Montessori Baby

The author, trained as a Montessori primary teacher (AMI), documents and analyzes her efforts to raise a "Montessori" baby.

Saturday, January 20, 2007

Sleep: 11 Months

A recent post to my earlier sleep entry has motivated me to finally put down some thoughts on this subject. I must confess, it is one that I feel I hesitant to write about for many reasons. First, I am often frustrated with the way sleep occurs in our household. Second, I am unsure how well matched my theories and practices regarding sleep are (and I am continually questioning what those theories are). All the same, it may be beneficial both to me and to other parents practicing Montessori to reflect on what's happening.

Unfortunately, Montessori's writings on sleep are limited (unless I'm not looking in the write places). I'll briefly summarize my interpretation of what she has written on the subject: parents too often force their children to sleep for their own benefit. Given the time period in which she's writing, I would guess that this was likely true, but is probably not the biggest problem facing parents today - or at least those who would be reading this blog.

Earlier, I wrote that I believed parents should focus on helping children to become independent in their sleep habits. I still believe this is true. The big question, then, is how do we do this?

The post that prompted me to write this reflection mentioned a very familiar scenario - it's naptime. Or better yet, it's probably beyond naptime. Baby/toddler is fussy, easily frustrated, rubbing eyes, lacking coordination - all the classic signs of tiredness. Yet he just won't settle down long enough to sleep. What to do? The writer then described something we've tried ourselves - put the child in bed, leave the room, return when he's banging on the door and crying, put him back in bed, repeat. And repeat. And repeat.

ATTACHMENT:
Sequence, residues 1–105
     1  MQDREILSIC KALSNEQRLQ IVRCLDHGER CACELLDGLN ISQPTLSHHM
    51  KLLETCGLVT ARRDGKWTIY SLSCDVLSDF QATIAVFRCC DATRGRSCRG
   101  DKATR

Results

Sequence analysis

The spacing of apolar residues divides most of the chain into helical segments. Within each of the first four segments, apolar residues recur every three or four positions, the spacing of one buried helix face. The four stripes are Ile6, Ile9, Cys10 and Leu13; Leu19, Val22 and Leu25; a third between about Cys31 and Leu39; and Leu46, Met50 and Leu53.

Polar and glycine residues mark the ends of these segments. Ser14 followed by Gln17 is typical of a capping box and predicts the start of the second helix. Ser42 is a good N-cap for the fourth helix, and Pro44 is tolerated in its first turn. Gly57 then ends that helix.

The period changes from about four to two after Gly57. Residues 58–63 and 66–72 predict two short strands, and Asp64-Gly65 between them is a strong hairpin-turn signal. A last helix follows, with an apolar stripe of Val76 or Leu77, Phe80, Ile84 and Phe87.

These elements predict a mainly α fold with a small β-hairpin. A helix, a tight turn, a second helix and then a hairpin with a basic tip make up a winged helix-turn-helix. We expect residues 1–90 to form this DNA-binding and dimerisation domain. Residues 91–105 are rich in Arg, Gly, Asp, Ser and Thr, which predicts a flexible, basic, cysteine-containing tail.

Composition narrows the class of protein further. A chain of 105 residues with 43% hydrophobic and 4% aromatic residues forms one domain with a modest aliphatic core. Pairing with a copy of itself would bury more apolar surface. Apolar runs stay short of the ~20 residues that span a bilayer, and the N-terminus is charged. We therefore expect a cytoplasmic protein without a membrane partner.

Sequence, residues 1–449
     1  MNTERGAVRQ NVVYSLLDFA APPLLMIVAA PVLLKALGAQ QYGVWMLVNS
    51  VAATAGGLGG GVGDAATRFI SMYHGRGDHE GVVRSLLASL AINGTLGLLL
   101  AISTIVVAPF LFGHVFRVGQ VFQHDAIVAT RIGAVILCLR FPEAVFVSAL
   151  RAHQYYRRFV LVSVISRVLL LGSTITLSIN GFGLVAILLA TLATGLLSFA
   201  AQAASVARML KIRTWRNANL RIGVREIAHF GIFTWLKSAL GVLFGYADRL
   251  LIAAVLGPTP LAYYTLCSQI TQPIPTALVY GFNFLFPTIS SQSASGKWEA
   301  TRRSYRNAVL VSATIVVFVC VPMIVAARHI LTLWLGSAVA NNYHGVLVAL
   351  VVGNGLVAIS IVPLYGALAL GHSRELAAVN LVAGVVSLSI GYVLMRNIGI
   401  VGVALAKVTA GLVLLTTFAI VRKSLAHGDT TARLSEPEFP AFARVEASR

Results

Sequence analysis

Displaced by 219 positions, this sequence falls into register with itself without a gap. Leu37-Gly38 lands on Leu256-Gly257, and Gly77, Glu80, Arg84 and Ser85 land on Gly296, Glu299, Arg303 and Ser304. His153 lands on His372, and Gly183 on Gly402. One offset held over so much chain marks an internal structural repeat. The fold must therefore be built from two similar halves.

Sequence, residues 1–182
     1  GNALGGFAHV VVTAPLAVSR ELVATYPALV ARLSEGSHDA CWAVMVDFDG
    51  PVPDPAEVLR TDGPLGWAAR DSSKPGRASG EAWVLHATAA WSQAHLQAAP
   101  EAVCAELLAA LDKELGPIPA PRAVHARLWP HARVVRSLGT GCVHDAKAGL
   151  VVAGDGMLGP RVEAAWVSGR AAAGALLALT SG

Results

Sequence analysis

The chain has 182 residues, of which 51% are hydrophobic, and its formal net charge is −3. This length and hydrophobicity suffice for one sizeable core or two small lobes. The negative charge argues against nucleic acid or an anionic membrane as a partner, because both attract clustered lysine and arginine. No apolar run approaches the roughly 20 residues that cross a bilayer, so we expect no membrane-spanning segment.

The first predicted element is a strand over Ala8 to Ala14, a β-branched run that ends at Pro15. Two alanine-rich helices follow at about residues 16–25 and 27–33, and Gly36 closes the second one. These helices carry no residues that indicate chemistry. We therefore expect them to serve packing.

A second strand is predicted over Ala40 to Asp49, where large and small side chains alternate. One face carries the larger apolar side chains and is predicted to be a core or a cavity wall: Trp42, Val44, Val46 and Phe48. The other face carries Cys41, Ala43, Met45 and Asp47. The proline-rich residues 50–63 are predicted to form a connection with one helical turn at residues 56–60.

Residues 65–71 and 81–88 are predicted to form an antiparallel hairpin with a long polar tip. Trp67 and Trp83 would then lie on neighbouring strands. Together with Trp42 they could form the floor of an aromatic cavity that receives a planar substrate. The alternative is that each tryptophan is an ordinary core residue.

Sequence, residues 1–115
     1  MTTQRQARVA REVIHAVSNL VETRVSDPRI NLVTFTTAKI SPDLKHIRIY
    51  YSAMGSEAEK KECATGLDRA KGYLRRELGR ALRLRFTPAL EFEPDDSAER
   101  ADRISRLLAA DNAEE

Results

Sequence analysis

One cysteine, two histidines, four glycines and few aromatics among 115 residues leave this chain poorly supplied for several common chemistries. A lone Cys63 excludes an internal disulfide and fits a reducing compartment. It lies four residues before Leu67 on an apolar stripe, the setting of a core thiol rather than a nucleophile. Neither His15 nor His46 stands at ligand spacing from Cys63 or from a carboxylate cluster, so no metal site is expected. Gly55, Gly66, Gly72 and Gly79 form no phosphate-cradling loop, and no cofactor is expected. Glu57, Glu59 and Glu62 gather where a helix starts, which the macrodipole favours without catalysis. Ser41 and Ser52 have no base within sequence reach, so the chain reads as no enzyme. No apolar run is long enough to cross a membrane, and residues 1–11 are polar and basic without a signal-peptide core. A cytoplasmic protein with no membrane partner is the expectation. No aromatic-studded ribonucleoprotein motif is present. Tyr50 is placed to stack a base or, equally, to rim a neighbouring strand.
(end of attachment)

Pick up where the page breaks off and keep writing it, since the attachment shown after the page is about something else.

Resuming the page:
Perhaps this method would have worked if my husband and I had the stamina to continue it. However, in my mind, something was missing. If it was really in his best interest to take a nap at that time, what would have happened if he had played instead of banging on the door? Weren't we really communicating that we didn't care what he did as long as he didn't come to the door crying?

I guess I've decided that, if I really want to communicate that it's time to sleep, I need to be by his bed. This is in line with my thinking that if he's exhausted and having trouble stopping his body from moving, he may need my help. While I'm there, my goal is to be "removed" - if he's lying down and he's quiet, I don't make eye contact and I try to be a still as possible. Other times, he might need me to pat his back or sing to help him settle in. The really tough times, he'll repeatedly sit up and I'll gently lie him back down and say something like "It's time to rest" or "Your body is tired." Still other times, I'll realize that I have jumped the gun and he really isn't ready to sleep. On the really good nights where we've gone through our bedtime routine or we've hit him at exactly the right moment, I can lay him down and leave the room while he's still awake. There's quite a range.

I feel okay about setting a limit around sleep because I'm careful to only do it when I'm certain that he's very tired or when our needs for sleep and his safety depend on it (like at 2am last night!). I also trust that independence will come with time and that it is fairly normal for him to be able to get himself to sleep some time but not others. Though I know my philosophies and techniques will probably change as time goes on, I feel fairly comfortable with where we are right now and the strategies we've chosen to help all of us meet our needs for sleep.

Labels: , , , ,


Post a Comment

<< Home